TODD: Now, after I spoke to the governor, I got a chance myself to go out on one of these gaps that's being filled, just go on top of these sandbags and get a sense of just how well they work.

They're working fairly well. It's not failsafe. It doesn't prevent everything from going through, but it does -- it is fairly effective in stemming most of the tide. And speaking of the tide, that in and of itself is another key factor. The tides often shift around these barrier islands, so these gaps are not going to be failsafe.

But you really got a sense of just how ambitious and massive this job is. They have got 40 of these gaps to fill just within these barrier islands, Wolf.


All right, Brian Todd, he's doing excellent reporting for us from the scene.

Thank you. How much oil is really spewing into the Gulf of Mexico? The official estimate has now doubled. One expert says it could be even worse than that. He's standing by to join us live.

And the battle to save sea turtles from all that oil in the Gulf, CNN's John King takes us up close.



BLITZER: The flow of oil into the Gulf is now believed to be double the previous estimates. I will speak to a researcher who fears, guess what, it may be a whole lot worse.

And they survived the rig explosion, but lost friends in that disaster. Now they recall those terrible moments to CNN's Anderson Cooper.

And taking care of turtles caught up in an environmental catastrophe -- John King shows us the urgent effort to save wildlife.


BLITZER: The oil spill is taking a growing toll on birds and marine life.

CNN's John King is joining us now. He's in New Orleans.

John, you had an opportunity to spend the day seeing what's going on to save some of this wildlife.

JOHN KING, HOST, "JOHN KING, USA": Wolf, we haven't had many reasons to smile in our time here, but today we did.

We had an exclusive look behind the scenes at an Audubon facility near New Orleans where they are trying to rescue -- and having some success rescuing -- the endangered sea turtles that live out in the Gulf of Mexico.

Take a look at this. It's remarkable. They are finding them. More than 150 people, most of them volunteers, they're going out in the waters. They have rescued 35 turtles so far. Three, unfortunately, of those they have brought in have died, but they are finding giant loggerhead sea turtles, smaller Kemp's ridley sea turtles. They bring them into this facility. They clean off the oil. They do a number of tests, blood tests and other tests.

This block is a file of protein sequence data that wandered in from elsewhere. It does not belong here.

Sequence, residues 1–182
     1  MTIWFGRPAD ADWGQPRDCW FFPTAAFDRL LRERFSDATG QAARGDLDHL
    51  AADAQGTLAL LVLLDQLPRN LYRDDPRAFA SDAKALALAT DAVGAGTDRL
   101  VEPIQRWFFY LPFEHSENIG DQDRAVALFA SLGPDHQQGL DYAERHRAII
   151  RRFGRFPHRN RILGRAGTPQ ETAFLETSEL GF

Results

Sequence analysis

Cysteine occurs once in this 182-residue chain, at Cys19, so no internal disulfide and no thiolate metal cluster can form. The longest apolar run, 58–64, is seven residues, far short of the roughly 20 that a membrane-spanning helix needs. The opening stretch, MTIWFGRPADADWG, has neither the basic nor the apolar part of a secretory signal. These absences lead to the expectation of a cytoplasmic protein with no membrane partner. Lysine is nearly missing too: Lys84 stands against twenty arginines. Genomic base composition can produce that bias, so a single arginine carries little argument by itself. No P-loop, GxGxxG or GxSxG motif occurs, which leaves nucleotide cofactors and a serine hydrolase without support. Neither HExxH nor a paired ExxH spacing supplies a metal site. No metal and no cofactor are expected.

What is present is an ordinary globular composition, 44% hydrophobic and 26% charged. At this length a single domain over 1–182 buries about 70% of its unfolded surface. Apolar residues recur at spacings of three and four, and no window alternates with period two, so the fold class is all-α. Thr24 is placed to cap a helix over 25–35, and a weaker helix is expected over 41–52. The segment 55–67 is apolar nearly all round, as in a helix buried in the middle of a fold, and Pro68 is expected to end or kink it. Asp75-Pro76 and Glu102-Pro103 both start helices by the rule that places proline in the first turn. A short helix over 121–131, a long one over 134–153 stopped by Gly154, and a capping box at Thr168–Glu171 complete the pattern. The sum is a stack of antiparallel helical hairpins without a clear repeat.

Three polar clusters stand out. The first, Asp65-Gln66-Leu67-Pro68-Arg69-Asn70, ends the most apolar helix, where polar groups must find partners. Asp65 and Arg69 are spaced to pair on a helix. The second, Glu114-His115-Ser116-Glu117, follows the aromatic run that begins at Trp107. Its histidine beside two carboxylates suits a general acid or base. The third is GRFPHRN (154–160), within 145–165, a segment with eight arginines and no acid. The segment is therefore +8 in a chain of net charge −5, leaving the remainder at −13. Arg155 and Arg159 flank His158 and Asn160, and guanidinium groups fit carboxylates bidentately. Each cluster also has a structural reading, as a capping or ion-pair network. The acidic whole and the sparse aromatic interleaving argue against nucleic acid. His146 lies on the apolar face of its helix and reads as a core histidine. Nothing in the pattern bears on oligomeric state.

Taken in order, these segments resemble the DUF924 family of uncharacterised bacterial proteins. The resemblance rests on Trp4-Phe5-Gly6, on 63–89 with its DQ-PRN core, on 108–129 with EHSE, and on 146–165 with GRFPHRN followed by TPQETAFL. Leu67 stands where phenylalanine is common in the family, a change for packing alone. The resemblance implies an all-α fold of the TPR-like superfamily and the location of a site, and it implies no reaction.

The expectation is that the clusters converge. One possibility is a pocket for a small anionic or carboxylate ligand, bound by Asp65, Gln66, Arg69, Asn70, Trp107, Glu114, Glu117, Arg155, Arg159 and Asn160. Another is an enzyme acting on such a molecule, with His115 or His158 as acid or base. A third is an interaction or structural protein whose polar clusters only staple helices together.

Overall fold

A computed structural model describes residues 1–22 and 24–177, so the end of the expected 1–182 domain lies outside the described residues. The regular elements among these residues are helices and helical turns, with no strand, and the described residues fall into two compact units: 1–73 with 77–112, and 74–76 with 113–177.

Most of all, they're worried that gets down in the lungs and the esophagus. And they tried to take it out and then they are cleaning them up, giving them medical testing, and keeping them in this facility to see if they recover.

Now, we had an exclusive look at all this remarkable effort these scientists and the other volunteers are making. Eventually, Wolf, those turtles will be taken. The plan now is take them once they're ready to the Gulf waters off of Florida.

But even as we had this reason to smile today, and that's the giant big momma you saw there in that tank a minute ago, a giant loggerhead sea turtle -- even as they have optimism these turtles they're rescuing will recover, they don't know how many are still out there in the waters. They don't know how many they won't get to.

And, Wolf, they also don't know the long-term impact, not only of that oil in the water, they're worried about the chemical dispersants being used, those dispersants designed to keep the oil from hitting shore. The scientists worry, though, it will be in the food chain in the Gulf, not only for the sea turtles but for all the fish and the birds as well for years and years and years to come.

BLITZER: That is so depressing. I know, John, you're going to have a lot more on this story at the top of the hour on "JOHN KING, USA." We'll be watching, 7:00 p.m. Eastern.

BP this weekend will begin testing its second system to capture the leaking oil. But even the added capacity now seems like it will fall far short of what's really needed. That's because researchers have doubled their estimate of the amount of oil that's been gushing out of that ruptured well for weeks.